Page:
How Ipswich small business can lead city out of jobs crisis
SOMEWHERE between camel milk cheese, an innovate business model and imminent jobs growth, one Ipswich company is already part of the future of the Ipswich economy.
Summer Land Camel Farm at Harrisville is camel-lengths ahead of the flock as the State Government is getting ready to drive a massive innovation and jobs boom in Ipswich.
Minister for Innovation Leanne Enoch yesterday committed $500,000 to an Ipswich City Council led program aimed at targeting student entrepreneurs and fostering stronger engagement between start-ups and local business.
It's part of a $6 million Advancing Regional Innovation Program.
Summer Land Camel Farm owners Jeff Flood and Paul Martin are already on the innovation train having turned what used to be a pest animal into milk, cheese, beauty products and gelato.
"For us what we're doing is innovation, taking what is seen as a feral pest or problem or liability in Australia and demonstrating that its not a liability, it's an asset," Mr Flood said.
"Camels are important livestock in our country so we take it through to milk, skin care, gelato and cheese and all sorts of different products.
"Everything we are doing is innovation which I think is the ultimate end of other bits and pieces like being creative, agile as a company because the market is quick, flexible, and having the right tools and infrastructure and being sustainable."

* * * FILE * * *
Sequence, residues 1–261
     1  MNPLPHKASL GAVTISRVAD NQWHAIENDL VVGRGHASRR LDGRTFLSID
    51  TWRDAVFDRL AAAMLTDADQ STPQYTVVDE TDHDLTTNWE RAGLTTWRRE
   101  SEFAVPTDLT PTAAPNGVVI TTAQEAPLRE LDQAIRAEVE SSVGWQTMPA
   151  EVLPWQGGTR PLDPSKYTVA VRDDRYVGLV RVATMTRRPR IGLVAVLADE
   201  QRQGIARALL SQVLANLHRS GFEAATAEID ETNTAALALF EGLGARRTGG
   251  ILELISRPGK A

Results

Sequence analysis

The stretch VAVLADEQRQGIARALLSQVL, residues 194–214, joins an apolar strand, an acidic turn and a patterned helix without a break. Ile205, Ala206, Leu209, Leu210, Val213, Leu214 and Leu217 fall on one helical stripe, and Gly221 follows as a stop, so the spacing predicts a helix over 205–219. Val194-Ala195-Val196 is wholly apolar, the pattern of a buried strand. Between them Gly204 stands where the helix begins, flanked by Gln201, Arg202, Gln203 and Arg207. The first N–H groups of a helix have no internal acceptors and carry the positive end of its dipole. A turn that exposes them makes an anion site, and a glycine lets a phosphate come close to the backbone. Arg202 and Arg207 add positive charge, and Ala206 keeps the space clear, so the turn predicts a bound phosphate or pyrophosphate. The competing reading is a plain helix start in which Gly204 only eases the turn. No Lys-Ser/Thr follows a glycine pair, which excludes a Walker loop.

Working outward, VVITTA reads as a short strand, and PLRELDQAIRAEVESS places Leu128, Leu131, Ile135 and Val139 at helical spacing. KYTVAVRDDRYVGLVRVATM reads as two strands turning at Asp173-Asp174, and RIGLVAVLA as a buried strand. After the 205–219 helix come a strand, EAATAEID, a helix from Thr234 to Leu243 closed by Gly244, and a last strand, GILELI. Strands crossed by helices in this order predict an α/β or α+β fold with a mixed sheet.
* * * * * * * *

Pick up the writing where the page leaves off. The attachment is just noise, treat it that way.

Ms Enoch said the State Government's contribution would be matched by nine collaborative partners to deliver more than 30 entrepreneurial talent development programs.
"We know that innovation happens everywhere and we know how important it is. A human beings we have been innovating since the dawn of time because all it is is turning ideas into action," she said.
"The world is changing very rapidly and our economy is shifting in ways we would not have expected even 10 years ago.
"In the next10 years we will see such rapid change, we will see the equivalent of 100 years of change, that's how fast things are happening."
"That's why innovation is such a critical part of ensuring we have our fair share of new economies on the horizon and that we see jobs evolve into new jobs of the future."
She said supporting innovation and jobs growth was particularly important in limiting the impact of mass redundancies in Ipswich.
"What we've understood so far is if we have small business in particular that are investing in innovation and looking how to take their idea to market, we see jobs growth in those areas," she said.
"Small business is where we're going to see all the jobs growth.
"If 15% of small business employed one extra person we'd see 22,000 extra jobs in the state.
"As the economy transitions we are going to see some falling off of jobs, some re-adjusting of business models and actual industries change and then we'll see jobs come back in in those areas but they will be different jobs and they will require different skills. In many ways they will allow an even more prosperous lifestyle for many people in the state.
"Jobs are changing but they're certainly not disappearing, they are turning into other things."